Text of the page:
Drew Barrymore and Adam Sandler enjoy a moment to themselves at a South African resort in Blended.
Drew Barrymore and Adam Sandler enjoy a moment to themselves at a South African resort in Blended.

Something about Drew Barrymore seems to smooth out Adam Sandler’s abrasive edges and bring out his sweetness without making him cloying. After The Wedding Singer and 50 First Dates, the two actors have teamed up once again, and the result, Blended, proves to be another candidate for the title of least objectionable Sandler comedy. This isn’t ringing praise, but after the horror shows that were Sandler’s last three movies, I’m sure even his die-hard fans will gladly take what they can get.

The movie begins at a terrible blind date between Jim (Sandler), the recently widowed, overwhelmed father of three girls, and Lauren (Barrymore), the recently divorced, overprotective mother of two boys. Shortly thereafter, Lauren’s best friend (Wendi McLendon-Covey) suddenly breaks off her romance with Jim’s boss (Dan Patrick), leaving a paid-up, weeklong South African vacation for a family of seven that’s threatening to go unused. Separately, Jim and Lauren buy a share of the vacation as a present for their kids, but they’re massively nonplussed when they realize they’re going to be stuck together for the duration.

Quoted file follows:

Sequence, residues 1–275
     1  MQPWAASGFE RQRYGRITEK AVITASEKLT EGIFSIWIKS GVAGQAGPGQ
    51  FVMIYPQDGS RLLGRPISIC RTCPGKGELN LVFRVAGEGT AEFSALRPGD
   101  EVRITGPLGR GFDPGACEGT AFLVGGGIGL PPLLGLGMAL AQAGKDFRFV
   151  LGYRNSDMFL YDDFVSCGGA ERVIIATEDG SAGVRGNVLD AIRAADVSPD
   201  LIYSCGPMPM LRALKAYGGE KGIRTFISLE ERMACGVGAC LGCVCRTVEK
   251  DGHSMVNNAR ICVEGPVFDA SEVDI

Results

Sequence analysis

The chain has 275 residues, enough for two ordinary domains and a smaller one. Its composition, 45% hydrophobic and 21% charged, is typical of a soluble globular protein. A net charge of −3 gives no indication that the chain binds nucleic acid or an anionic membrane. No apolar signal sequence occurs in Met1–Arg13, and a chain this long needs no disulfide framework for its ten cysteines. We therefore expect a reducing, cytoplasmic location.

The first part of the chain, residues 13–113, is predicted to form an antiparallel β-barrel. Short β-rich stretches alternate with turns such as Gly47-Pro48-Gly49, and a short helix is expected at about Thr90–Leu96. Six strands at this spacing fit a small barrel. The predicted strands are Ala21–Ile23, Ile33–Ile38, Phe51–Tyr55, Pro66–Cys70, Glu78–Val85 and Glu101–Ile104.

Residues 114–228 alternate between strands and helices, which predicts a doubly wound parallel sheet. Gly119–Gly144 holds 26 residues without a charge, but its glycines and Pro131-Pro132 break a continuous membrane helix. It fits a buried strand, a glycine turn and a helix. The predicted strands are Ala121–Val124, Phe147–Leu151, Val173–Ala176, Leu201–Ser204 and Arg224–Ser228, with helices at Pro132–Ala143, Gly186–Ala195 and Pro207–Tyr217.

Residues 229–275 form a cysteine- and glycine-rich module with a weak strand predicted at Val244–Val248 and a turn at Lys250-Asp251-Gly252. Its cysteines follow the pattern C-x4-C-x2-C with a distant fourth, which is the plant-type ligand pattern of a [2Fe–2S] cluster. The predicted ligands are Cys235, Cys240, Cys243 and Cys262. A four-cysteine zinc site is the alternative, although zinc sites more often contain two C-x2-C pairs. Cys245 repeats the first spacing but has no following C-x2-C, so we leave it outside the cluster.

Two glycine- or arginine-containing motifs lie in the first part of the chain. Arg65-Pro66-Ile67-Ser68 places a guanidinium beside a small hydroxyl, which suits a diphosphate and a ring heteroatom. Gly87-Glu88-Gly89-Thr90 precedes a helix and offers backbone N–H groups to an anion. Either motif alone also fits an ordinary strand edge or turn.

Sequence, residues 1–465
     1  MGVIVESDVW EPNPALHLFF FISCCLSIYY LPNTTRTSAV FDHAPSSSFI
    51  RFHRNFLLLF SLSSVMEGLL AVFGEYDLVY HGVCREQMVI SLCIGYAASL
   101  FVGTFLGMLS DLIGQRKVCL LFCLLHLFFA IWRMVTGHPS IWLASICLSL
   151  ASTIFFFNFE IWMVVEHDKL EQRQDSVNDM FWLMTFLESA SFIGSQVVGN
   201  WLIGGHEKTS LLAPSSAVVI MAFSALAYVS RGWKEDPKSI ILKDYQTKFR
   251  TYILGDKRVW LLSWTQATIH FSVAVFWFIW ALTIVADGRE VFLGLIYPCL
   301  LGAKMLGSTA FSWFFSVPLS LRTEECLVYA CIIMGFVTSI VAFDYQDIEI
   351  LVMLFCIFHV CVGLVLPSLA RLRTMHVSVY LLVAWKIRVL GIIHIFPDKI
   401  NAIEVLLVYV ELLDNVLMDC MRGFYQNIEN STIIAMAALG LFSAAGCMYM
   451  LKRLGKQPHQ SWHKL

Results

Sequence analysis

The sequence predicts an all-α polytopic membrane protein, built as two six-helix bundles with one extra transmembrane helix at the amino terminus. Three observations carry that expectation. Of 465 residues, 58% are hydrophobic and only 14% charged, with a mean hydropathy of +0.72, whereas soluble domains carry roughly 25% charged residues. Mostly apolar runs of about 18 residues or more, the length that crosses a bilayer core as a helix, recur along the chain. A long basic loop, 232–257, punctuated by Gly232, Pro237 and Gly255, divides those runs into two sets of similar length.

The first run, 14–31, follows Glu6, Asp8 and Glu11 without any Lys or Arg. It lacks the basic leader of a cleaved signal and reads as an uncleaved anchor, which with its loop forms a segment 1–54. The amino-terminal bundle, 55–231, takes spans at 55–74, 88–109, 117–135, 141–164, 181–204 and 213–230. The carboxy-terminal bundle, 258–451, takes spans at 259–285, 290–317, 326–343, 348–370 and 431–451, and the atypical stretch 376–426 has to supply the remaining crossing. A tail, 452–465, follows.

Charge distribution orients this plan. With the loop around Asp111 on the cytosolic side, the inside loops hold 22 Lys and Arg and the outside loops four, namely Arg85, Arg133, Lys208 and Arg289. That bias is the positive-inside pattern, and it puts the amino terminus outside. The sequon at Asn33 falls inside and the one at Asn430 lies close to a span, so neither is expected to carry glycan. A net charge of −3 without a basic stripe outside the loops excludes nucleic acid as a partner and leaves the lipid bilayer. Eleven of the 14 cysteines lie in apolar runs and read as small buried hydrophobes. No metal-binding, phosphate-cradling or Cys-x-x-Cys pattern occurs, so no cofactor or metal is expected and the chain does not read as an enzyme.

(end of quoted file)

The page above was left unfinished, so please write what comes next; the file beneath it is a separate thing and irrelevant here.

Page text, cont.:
Each of the five kids gets their own personality trait, which is more characterization than a Sandler comedy usually gives us. The star is nicely (if overly) understated, allowing Barrymore to mug for laughs. McLendon-Covey fires off some good wisecracks in the early going –– why the movie doesn’t find a way to take her to Africa, I’m sure I don’t know. The only part of this movie that threatens to send you toward the exits are the interludes with Kevin Nealon and Jessica Lowe as an annoyingly affectionate newlywed couple.

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For the sake of thoroughness, I should note that this drags on way too long at 117 minutes. Even though much of the movie was actually shot in South Africa, it never ventures far beyond the boundaries of the resort hotel that has fake crocodiles in the moat. Having set up some potentially fruitful characters, Ivan Menchell and Clare Sera’s script doesn’t let them go anywhere. Jim’s short-haired, basketball-playing eldest daughter (Bella Thorne) is repeatedly mistaken for a boy and answers to “Larry” — short for “Hilary” — but just when you’re thinking that it might be interesting to see Sandler play parent to a girl like this, it turns out that all Hilary wants is to wear makeup and pretty dresses and date that cute guy (Zak Henri) at the resort. Boring!

Who cares, though? Nobody goes to Adam Sandler comedies for complex issues. They go for some easy laughs, and Blended delivers these without becoming overtly offensive, especially during a set piece when Lauren goes parasailing behind a Jeep that runs out of gas. There’s also a romantic montage set to an instrumental version of “Careless Whisper” played by a band of trained monkeys dressed as Hooters waitresses. You probably haven’t seen that before, and it will probably make you laugh.




Starring Adam Sandler and Drew Barrymore. Directed by Frank Coraci. Written by Ivan Menchell and Clare Sera. Rated PG-13.